Identifying Your Gifts and Putting Them Into Use

Whether or not we have a particular gift will be quickly evident when we try to exercise it. If you teach a couple Sunday school lessons, your gift (or lack of a gift) to teach will be evident. If you exercise a gift of healing, the results will soon be manifest. If you sit down to a piano, and begin playing, everyone will soon know whether you have the ability or not. If you bake a cake and serve it, the recipients will quickly discover if you have a talent for cooking. The wisdom of our advice to others will prove out with time.

If we are truly gifted, then those around us will recognize our gifts when we exercise them. Likewise, when the people we know and trust tell us we are out of our depth, we are wise to listen. God designed the church so that gifts are subject to review. Teachers are ordained by other ministers who have recognized the gift in their life. Stewards over the many functions in the church are chosen based on the recognition of the talents in their life.

Healthy churches provide opportunities for believers to exercise and grow their gifts and talents, and provide guidance to help them as they grow in the Lord. Within the church there are many roles that need filled by talented, wise, and gifted stewards.

If you have a talent or gift in your life that is not being used, start using it. Look for opportunities to serve others. Use your gift of faith to pray for others. Develop your gifts of knowledge, discernment, and wisdom in your own personal life – and one day you will have an opportunity to use those gifts to help others. If God has placed gifts in your life, trust that your Holy Ghost filled brothers and sisters will recognize your gifts and help place you in the body where you can be most useful.

Don’t overlook the small things. Our gifts are not just for use at church on Sunday morning. In our homes, we must minister to our spouse, our children, and our parents. Each person God has brought into our care is a special case for us to encourage, love, and strengthen. While working on our jobs and participating our community, our gifts and talents can be used to bring glory to God, to open up opportunities to witness, and to minister to the needs others. Using our gifts wisely and to the benefit of our family and our community is a prerequisite for being a steward in the church. (Titus 1:6-8, 1 Tim 3:1-7, Acts 6:3)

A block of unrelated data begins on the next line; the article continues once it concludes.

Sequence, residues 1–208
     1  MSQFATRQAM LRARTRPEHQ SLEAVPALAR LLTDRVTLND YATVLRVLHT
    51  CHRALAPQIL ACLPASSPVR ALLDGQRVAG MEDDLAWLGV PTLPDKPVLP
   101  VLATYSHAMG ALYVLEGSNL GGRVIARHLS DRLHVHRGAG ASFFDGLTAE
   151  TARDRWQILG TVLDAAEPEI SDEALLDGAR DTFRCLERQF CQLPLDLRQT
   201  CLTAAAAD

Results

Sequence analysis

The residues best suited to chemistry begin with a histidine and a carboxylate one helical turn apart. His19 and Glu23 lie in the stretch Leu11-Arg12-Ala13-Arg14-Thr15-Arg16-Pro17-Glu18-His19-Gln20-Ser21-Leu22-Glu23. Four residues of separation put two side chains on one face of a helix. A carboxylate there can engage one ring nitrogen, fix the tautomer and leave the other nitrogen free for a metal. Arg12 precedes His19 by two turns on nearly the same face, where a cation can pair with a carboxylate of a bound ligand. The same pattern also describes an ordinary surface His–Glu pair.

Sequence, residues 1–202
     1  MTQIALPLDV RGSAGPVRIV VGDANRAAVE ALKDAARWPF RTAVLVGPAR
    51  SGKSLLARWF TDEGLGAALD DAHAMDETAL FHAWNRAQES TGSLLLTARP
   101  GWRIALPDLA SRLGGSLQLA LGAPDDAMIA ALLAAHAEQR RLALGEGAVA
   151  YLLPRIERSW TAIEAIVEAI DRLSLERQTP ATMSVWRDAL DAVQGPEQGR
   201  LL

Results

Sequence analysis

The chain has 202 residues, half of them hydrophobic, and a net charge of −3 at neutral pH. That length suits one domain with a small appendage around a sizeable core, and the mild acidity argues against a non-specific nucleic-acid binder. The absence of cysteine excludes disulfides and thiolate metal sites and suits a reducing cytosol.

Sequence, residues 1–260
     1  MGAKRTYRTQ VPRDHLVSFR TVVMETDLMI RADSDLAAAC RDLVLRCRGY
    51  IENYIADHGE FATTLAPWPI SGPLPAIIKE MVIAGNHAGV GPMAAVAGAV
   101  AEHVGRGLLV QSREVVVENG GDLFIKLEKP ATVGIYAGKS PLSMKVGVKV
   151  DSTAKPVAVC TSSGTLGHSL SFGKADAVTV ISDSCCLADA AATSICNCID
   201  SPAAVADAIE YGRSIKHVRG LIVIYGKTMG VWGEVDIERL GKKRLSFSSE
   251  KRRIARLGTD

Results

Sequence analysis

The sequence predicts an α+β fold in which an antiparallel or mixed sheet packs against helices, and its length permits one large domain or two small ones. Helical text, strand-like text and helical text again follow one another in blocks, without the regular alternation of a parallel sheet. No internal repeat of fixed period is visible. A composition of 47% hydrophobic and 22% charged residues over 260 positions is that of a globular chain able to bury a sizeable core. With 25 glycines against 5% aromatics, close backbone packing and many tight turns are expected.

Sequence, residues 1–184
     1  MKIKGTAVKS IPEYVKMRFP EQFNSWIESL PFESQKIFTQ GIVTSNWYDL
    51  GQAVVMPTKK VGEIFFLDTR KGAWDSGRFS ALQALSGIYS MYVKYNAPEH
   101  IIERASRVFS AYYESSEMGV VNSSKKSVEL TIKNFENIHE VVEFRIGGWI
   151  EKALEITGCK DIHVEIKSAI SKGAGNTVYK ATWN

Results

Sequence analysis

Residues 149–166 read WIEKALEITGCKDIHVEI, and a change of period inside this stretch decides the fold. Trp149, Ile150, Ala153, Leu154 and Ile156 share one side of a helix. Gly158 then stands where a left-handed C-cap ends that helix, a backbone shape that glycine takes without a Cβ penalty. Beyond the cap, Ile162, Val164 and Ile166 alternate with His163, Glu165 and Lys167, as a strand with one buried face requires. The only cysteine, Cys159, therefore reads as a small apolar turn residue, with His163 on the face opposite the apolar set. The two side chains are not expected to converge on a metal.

If we put our gifts and talents to use, we will reap a harvest. Lives will be impacted and changed for the better. Hearts and souls will be saved and healed. And when our Lord examines our life, we will hear, “well done thou good and faithful servant, enter into the joy of the Lord.” (Matthew 25:21)

The “Nevers” of the Gospel: A Prayer of the Puritans 

O Lord, 

May I never fail to come to the knowledge of the truth, 

never rest in a system of doctrine, however scriptural,  

    that does not bring or further salvation, 

    or teach me to deny ungodliness and worldly lusts 

    or help me to live soberly, righteously, goldy; 

Never to rely on my own resolutions, 

    but be strong in thee and in thy might; 

Never cease to find thy grace sufficient 

    in all my duties, trials, and conflicts; 

Never forget to repair to thee 

    in all my spiritual distresses and outward troubles, 

    in all the dissatisfactions experience in creature comforts; 

Never fail to retreat to him who is full of grace and trust, 

    the friend that loveth at all times 

    who is touched with feelings of my infirmities 

    and can do exceeding abundantly for me; 

Never confine my religion to extraordinary occasions, 

    but acknowledge thee in all my ways; 

Never limit devotions to particular seasons 

    but be in thy fear all the day long; 

Never be godly only on the sabbath or in thy house,

    but every day abroad and at home; 

Never make piety a dress but a habit, 

    not only a habit but a nature, 

    not only a nature but a life 

Do good to me by all they dispensations, 

    by all means of thy grace, 

    by worship, prayers, and praises 

And at last let me enter that world where is no temple, 

But only thy glory 

In Jesus name, I ask it 


The Valley of Vision: A collection of Puritan Prayers Edited by Arthur Bennet, 1975 

Study Questions

  1. Can you name some of the gifts Paul mentions in Romans chapter 12?
  2. What are some reasons you think that God gives us different gifts?
  3. Can you share an example of a gift God has placed in your life?
  4. Can you give an example of how the gift of wisdom could be used to help yourself?
  5. Can you give an example of how the gift of wisdom might be used to help another?
  6. How does God measure whether we have successfully used our gifts and talents? (Consider Matthew 25)